My last two longer legged bikes had Fox 36 TALAS (160) airsrung forks up front and I really liked being able to adjust the travel down to make long or steep climbs easier to deal with.    This bike has the Fox 36 Vanilla (180) coil sprung fork without the travel adjustment.  It will take a bit of getting used on some of the climbing bits with this longer slacker frontend as a bit more body positioning is going to be required a steeper bits.    It was so freaking nice to have a VPP suspended bike back under the saddle.  This bike climbed exceptionally well for it weight without any of the dreaded energy sapping “bob”. 

When it was time to turn the bike down the hill that was when this bike really came alive.  The bike is so stinking plush and it only took a few rock rolls and drops to get sold on the coil fork.

 

 I stuck to only the small air bits while getting acquintted with how this bike handles.  This bike is pretty confidence inspiring so I got a feeling I’m going to get myself into trouble with this rig at some point.   It’s gonna be great!

The trail overall was in about as good as shape as it ever gets so it was an absolutely great day to be out testing a new bike.

My the time it was time to head back down the main run, I had a pretty good opening day feel for the bike and I had one heck of fun descent back down the hill.  There was some hooping and hollering on the way down.   A mighty fine shakedown run with the new rig.

El Capitan Open Space Preserve

Last Sunday and this Wednesday I spent some time exploring the El Capitan Open Space Preserve located near Lakeside.   El Cajon Mountain is the extremely promient granite mountain on the preserve you can’t miss if you are driving into El Cajon from the west.  And if you have ever ridden Anderson Truck Trail it is mountain on the other side of the reservoir.  I can’t count how many times I have said I wanted to get up on that mountain and snoop around.  I finally got around to doing just that.  

So for the first go around on Sunday, I checked out this area on a whim.  I literally left my house in the morning and did not know where I was going to go ride.  I did not feel like driving forever and I did not feel like the usual stuff.   After remembering how many times I had commented on “What’s on that hill?”  I started pulling up maps on my phone and headed towards Lakeside and ultimately the staging area for the El Capitan Open Space Preserve off of Wildcat Canyon Road.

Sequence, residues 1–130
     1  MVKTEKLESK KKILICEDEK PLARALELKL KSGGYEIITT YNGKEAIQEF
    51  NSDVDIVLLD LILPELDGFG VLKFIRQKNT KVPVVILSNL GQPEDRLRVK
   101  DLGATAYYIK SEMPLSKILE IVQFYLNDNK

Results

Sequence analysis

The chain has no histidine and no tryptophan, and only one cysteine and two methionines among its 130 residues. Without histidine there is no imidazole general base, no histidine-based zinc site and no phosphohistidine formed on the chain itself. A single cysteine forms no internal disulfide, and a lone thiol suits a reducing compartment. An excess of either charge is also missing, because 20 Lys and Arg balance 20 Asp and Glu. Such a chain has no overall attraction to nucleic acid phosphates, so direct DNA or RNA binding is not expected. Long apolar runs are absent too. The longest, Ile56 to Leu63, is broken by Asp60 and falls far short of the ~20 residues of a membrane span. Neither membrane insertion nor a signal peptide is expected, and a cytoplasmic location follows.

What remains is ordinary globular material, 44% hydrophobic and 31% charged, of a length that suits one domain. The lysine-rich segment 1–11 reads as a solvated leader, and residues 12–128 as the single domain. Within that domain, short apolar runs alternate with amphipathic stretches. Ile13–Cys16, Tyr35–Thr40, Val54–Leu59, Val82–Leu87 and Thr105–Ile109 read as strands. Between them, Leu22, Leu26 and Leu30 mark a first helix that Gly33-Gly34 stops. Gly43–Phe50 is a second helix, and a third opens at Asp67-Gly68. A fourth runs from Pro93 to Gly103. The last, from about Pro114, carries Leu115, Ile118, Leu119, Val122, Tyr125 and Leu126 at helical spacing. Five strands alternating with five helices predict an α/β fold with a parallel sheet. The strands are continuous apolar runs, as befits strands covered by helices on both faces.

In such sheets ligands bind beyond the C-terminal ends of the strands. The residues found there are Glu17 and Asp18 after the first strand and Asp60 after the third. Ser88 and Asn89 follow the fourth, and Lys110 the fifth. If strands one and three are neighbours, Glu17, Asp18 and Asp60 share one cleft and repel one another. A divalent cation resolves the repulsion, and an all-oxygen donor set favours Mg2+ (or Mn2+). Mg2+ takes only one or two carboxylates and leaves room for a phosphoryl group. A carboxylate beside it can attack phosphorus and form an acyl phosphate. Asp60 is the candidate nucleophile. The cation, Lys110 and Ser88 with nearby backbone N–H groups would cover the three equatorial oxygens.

I knew I was in for some climbing, and it started right out of the gate.  After climbing about half a mile on dirt streets I came to the trailhead proper and keep going on a sorta wide singletrack up from there.  The going was steep in spots but I soon came out to a saddle and junction with an old mining road.   I could see lots of ups ahead and some of it looked steep.

All along the route there were wildflowers here and there making an appearance.  

It became pretty clear early on that there was a lot more climbing to be done than the simple bottom to top elevation would lead you to believe.  There was a lot of “UP three” and “DOWN one (sometimes two)” action going on.  One of the mental bummers of this was that you could see that you were just going to have to pay back the elevation real soon.   While most of the climbs were workable (hello granny gear) there was some heinous pitches that required the foot gear.

I was amazed how much water was up here on the mountain, little brooks and the sounds of running water were often heard along the route.   One week ago to the day, there was snow of this mountain. 

One of the things that had been intriguing me about this mountain was all the huge slabs and rocks that could be seen from afar.  On this first outing when I got up to what I thought was the main ridgeline with the bulk of the climb behind me, I started snooping out lines and playing on some of the rocks.